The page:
Throughout the developing world, adolescents living in rural poverty face multiple and inter-related adaptive challenges. Using longitudinal data from the Gansu Survey of Children and Families, the authors investigate the relationship between cumulative adversity and internalizing problems among adolescents in an interior Chinese province, and the protective roles of parental warmth and teacher support. Results of multivariate regression models suggest that internalizing problems increase in later adolescence. The rate of increase does not differ by gender in the sample, counter to most extant literature on sex differences in the developmental trajectory of internalizing problems. Along with parental warmth, teacher support emerges as an especially important protective factor, highlighting the significance of teachers as an often overlooked resource for poor rural adolescents.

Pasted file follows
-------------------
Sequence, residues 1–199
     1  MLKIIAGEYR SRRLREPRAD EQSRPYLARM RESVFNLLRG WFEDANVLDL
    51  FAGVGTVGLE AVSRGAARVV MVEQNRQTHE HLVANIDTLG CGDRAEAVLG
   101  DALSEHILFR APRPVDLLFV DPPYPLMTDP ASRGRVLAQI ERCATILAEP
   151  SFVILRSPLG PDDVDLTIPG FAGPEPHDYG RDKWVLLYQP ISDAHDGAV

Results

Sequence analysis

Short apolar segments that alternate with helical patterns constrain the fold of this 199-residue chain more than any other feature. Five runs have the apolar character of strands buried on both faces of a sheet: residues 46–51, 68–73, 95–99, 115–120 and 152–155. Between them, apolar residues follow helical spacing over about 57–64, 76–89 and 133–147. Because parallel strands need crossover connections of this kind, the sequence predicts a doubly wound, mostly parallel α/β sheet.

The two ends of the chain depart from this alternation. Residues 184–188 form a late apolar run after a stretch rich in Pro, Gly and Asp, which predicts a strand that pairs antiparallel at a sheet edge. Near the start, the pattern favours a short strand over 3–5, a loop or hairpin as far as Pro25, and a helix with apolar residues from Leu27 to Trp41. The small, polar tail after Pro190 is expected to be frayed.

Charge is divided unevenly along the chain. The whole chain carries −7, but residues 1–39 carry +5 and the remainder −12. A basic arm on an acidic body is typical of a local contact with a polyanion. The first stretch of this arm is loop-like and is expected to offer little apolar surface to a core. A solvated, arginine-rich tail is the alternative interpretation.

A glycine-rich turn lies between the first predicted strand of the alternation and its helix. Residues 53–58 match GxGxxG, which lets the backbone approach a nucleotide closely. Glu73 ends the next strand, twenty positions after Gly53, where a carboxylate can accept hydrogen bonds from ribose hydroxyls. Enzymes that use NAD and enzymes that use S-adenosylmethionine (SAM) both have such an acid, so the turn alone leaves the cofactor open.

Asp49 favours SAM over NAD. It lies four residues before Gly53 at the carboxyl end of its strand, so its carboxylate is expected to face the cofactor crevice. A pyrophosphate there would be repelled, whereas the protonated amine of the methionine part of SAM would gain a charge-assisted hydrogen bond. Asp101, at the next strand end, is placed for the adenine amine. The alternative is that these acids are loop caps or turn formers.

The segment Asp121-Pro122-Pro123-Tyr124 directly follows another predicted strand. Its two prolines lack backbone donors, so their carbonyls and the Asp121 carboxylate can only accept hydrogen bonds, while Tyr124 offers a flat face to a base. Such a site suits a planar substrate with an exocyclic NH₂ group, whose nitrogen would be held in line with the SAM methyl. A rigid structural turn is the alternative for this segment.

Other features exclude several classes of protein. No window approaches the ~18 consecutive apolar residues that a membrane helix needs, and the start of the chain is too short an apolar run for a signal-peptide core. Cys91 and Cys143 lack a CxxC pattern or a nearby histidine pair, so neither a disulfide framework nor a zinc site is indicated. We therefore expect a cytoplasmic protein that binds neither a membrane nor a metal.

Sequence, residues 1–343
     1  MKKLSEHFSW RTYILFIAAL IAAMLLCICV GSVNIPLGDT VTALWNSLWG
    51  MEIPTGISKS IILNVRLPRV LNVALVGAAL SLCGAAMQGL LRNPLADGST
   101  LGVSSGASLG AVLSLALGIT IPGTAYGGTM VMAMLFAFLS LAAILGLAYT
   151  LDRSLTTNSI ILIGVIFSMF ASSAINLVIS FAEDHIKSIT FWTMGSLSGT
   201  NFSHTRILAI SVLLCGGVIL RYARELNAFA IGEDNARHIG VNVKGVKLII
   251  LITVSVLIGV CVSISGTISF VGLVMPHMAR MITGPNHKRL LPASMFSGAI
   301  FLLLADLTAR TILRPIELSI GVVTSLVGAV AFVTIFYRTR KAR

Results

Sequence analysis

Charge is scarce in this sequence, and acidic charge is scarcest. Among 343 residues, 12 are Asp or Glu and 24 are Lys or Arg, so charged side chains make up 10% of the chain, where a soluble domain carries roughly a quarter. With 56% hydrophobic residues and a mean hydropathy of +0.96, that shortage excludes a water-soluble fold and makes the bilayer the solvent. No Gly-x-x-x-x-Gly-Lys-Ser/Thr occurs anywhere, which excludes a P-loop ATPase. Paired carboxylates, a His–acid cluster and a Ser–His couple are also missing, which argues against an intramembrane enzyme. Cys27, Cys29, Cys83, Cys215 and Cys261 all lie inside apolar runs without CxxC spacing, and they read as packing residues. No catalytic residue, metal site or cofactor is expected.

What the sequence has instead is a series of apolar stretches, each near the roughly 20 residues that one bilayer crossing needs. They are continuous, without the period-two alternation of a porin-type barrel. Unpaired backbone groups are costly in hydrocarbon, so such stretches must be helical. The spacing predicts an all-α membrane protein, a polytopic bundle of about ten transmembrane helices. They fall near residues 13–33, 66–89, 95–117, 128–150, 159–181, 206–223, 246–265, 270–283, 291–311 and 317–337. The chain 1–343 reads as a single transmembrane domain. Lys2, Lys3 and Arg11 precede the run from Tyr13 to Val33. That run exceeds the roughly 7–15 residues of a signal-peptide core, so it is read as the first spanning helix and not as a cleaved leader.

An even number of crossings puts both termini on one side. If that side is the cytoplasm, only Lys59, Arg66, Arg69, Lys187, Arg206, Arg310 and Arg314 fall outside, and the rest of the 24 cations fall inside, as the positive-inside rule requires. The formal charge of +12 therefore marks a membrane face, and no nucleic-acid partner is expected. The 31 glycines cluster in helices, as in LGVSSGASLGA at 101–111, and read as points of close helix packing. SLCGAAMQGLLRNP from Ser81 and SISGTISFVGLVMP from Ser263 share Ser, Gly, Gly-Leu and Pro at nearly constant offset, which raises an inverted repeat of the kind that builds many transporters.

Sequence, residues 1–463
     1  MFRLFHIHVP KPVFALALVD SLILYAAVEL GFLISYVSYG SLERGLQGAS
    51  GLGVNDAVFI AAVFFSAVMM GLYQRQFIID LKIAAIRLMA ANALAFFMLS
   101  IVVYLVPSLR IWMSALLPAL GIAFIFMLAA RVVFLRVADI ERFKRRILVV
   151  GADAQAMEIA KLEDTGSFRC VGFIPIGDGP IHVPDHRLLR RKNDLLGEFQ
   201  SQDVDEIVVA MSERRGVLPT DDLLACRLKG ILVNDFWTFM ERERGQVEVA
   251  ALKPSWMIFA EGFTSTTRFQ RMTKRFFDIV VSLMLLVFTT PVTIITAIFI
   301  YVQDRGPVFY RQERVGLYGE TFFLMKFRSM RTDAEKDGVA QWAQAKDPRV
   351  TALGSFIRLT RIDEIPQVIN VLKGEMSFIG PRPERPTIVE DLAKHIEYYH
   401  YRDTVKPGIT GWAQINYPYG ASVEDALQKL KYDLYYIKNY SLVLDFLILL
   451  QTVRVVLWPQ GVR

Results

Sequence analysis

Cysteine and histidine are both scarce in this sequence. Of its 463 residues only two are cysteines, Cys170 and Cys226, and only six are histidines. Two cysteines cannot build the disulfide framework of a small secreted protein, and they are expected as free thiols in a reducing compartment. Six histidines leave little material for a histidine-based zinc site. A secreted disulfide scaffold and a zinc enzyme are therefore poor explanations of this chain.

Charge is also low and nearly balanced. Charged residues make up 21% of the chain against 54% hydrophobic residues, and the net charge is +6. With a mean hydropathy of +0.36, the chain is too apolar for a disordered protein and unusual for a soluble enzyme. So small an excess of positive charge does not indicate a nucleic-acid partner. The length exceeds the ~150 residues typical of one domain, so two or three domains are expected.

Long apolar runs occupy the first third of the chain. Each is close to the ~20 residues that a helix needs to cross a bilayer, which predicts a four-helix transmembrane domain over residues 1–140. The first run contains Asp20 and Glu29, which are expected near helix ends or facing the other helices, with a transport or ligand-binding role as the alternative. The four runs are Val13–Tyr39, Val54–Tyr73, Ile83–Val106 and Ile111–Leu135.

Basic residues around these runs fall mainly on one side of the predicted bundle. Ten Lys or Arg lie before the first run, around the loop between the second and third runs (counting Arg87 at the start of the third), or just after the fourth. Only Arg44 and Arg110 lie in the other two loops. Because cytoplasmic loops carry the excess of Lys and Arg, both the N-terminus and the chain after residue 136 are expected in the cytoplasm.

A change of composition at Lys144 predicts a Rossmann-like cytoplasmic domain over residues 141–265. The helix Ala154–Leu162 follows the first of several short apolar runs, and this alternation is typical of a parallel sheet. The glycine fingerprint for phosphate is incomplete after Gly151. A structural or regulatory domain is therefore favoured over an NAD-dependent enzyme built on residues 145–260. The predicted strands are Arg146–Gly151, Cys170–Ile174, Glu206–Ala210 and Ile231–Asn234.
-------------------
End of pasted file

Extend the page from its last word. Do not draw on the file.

Davidson, S.; Adams, J.H. Adversity and internalizing problems among rural Chinese adolescents : the protective roles of parents and teachers. Population Studies Center, University of Pennsylvania, Pennsylvania, PA., USA (2012) 27 pp.